Game meat sellers in America, however, wanted the definition of venison expanded to include meat from other deer-like animals. Consequently, the USDA redefined the term in 1983 to say: “In culinary terms, ‘venison’ can be meat from deer, elk, moose, caribou, antelope, and pronghorn. However, when this meat is offered for sale, the name of the specific animal must be specified on the package label.”
The leg, haunch and saddle (top rear quarter) are the best cuts. If you want to develop a gamey flavour, you need to marinate or hang it for several days.
Fallow deer are males that drop their horns in the spring. These are thought to have the best quality meat.
Venison is a very lean meat, and consequently can cook up quite dry. To avoid this, venison is traditionally larded.
Deer were in Britain prior to the ice age, but disappeared during it. They were reintroduced, probably by the Normans. They were reintroduced into Ireland by 1244.
Beasts of the forests were the property of the King. You had to get his permission each time you wanted to hunt them. Nobles got around this by establishing game parks on their own lands, where they could hunt whenever they choose to.
There are three subspecies of Roe Deer: Chinese, European and Siberian. In the late Middle Ages (1338) in England, they were released from Royal Protection and classed as “beasts of the warren”. This meant that ordinary people could hunt them as a food source. By late 1500s, they were extinct in Wales, rare in England and in Scotland pretty much only in the highlands. The species was restablished through various game park schemes in the early 1800s. There were none in Ireland. Escoffier felt that Roe Deer meat was inferior to Fallow Deer.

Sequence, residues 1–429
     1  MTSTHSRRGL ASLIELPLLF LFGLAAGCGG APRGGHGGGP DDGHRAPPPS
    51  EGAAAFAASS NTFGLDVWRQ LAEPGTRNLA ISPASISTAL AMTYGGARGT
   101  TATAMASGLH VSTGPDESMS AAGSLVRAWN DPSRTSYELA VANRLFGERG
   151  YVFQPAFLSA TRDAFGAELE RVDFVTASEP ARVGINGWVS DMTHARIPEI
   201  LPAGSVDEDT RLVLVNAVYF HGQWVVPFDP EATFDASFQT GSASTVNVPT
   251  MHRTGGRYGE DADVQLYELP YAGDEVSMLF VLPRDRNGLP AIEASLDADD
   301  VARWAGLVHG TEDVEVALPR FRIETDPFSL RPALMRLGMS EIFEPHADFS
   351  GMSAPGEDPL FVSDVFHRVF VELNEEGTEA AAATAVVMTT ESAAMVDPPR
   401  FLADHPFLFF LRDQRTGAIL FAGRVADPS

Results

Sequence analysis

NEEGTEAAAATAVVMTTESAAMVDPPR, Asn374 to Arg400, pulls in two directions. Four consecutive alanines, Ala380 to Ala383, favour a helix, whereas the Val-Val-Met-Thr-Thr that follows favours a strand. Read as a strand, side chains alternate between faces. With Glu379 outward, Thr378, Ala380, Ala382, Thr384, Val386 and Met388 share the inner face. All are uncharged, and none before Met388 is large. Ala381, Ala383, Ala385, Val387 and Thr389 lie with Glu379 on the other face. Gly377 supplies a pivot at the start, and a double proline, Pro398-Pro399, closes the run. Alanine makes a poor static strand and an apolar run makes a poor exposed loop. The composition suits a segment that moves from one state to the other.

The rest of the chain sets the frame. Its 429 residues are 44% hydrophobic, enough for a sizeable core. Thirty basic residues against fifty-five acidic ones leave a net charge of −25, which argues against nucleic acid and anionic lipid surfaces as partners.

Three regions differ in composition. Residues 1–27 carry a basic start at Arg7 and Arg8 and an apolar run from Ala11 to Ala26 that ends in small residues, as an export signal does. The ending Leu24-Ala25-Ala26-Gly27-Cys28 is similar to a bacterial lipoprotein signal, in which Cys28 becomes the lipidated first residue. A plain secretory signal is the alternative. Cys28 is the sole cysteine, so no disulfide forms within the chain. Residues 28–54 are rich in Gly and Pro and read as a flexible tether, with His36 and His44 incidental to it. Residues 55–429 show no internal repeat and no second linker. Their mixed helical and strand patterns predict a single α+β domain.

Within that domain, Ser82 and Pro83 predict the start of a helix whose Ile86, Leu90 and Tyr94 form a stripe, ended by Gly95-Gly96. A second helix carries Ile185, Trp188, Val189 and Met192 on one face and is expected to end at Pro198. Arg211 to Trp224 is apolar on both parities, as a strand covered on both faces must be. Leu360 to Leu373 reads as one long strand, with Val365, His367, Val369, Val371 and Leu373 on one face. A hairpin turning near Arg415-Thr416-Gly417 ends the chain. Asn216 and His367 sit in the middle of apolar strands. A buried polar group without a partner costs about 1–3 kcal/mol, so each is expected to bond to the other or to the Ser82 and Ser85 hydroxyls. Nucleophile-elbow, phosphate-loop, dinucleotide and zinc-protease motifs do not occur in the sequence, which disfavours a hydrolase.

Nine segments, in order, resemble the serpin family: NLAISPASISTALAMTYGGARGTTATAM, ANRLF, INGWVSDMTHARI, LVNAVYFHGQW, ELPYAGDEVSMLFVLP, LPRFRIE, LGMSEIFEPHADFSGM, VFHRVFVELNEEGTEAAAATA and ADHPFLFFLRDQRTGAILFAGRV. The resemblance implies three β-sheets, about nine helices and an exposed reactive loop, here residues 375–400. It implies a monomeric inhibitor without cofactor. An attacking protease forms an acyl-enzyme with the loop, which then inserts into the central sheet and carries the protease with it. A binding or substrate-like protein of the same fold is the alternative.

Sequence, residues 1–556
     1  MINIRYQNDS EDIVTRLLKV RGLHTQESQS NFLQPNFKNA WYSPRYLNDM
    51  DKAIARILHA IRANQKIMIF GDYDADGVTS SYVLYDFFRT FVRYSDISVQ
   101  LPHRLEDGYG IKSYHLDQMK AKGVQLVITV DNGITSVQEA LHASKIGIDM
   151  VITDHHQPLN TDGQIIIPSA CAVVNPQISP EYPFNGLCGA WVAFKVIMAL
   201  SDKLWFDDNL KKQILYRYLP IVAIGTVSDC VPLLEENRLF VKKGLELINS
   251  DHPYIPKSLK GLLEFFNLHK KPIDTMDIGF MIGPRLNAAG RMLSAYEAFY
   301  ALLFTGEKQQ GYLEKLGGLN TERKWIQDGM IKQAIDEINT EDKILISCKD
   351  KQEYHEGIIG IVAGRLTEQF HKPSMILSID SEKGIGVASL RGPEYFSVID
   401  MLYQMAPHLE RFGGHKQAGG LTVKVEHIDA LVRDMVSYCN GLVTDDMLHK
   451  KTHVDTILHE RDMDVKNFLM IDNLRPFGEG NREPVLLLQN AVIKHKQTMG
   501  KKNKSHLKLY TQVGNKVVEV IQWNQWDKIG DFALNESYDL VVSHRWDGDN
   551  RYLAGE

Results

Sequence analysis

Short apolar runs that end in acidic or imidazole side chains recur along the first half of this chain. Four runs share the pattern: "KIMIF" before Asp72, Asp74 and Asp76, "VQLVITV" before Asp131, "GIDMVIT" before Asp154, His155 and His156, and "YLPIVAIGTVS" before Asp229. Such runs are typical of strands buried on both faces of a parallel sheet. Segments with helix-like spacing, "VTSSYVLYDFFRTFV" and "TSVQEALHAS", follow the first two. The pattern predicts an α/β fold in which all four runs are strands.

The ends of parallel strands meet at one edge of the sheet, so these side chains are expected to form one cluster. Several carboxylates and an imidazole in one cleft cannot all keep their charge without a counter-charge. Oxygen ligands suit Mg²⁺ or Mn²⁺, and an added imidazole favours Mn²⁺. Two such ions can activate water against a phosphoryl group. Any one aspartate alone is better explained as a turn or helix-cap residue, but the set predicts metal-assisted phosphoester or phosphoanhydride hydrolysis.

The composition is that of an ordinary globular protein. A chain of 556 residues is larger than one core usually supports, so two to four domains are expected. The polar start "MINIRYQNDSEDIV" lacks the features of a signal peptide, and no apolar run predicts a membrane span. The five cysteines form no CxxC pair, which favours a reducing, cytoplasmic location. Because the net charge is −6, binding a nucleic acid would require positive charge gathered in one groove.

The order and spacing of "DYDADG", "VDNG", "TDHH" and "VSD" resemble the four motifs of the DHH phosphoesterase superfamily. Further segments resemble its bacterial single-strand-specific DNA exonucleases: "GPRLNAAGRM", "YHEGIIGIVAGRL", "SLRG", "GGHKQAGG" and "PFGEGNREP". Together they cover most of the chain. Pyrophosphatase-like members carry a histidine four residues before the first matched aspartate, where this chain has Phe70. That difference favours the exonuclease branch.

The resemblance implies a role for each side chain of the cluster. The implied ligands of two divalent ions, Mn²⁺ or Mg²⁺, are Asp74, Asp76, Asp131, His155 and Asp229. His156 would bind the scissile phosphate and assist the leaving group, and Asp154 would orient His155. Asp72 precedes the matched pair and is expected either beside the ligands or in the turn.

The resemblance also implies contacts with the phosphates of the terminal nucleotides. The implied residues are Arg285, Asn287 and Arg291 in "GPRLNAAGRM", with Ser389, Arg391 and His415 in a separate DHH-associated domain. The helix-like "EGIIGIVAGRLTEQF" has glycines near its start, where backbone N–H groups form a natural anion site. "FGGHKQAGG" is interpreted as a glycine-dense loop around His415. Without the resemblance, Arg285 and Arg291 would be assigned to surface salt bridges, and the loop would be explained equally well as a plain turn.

Red Deer (Cervus elaphus) are native to the UK and Ireland. They were protected by Royal hunting privilege.
Literature & Lore
“Deer are herding into the E. Joseph cold rooms in Washington Market. Deer, this winter’s unrationed red meat, has a demand tenfold over that of previous winters. These deer come for the most part from private game preserves. One of the most popular of game treats in a man’s opinion is roast saddle of venison, the roast weighing three pounds and up, turned out well larded with salt pork, strapped around with bacon, ready for the roasting pan.” — Paddleford, Clementine (1898 – 1967). Food Flashes Column. Gourmet Magazine. February 1944.
Venison stems ultimately from the Latin word for hunting, “venatio”. At first “Venison” meant any game meat in English, but by the start of the 1600s people began applying it to deer meat exclusively.
Grigson, Jane. Venison. Manchester: The Observer. August 1970. Reprinted 21 April 2001.
USDA: Food Safety Of Farm-Raised Game. 14 April 2006. Retrieved 4 August 2006 from http://www.fsis.usda.gov//Fact_Sheets/Farm_Raised_Game/index.asp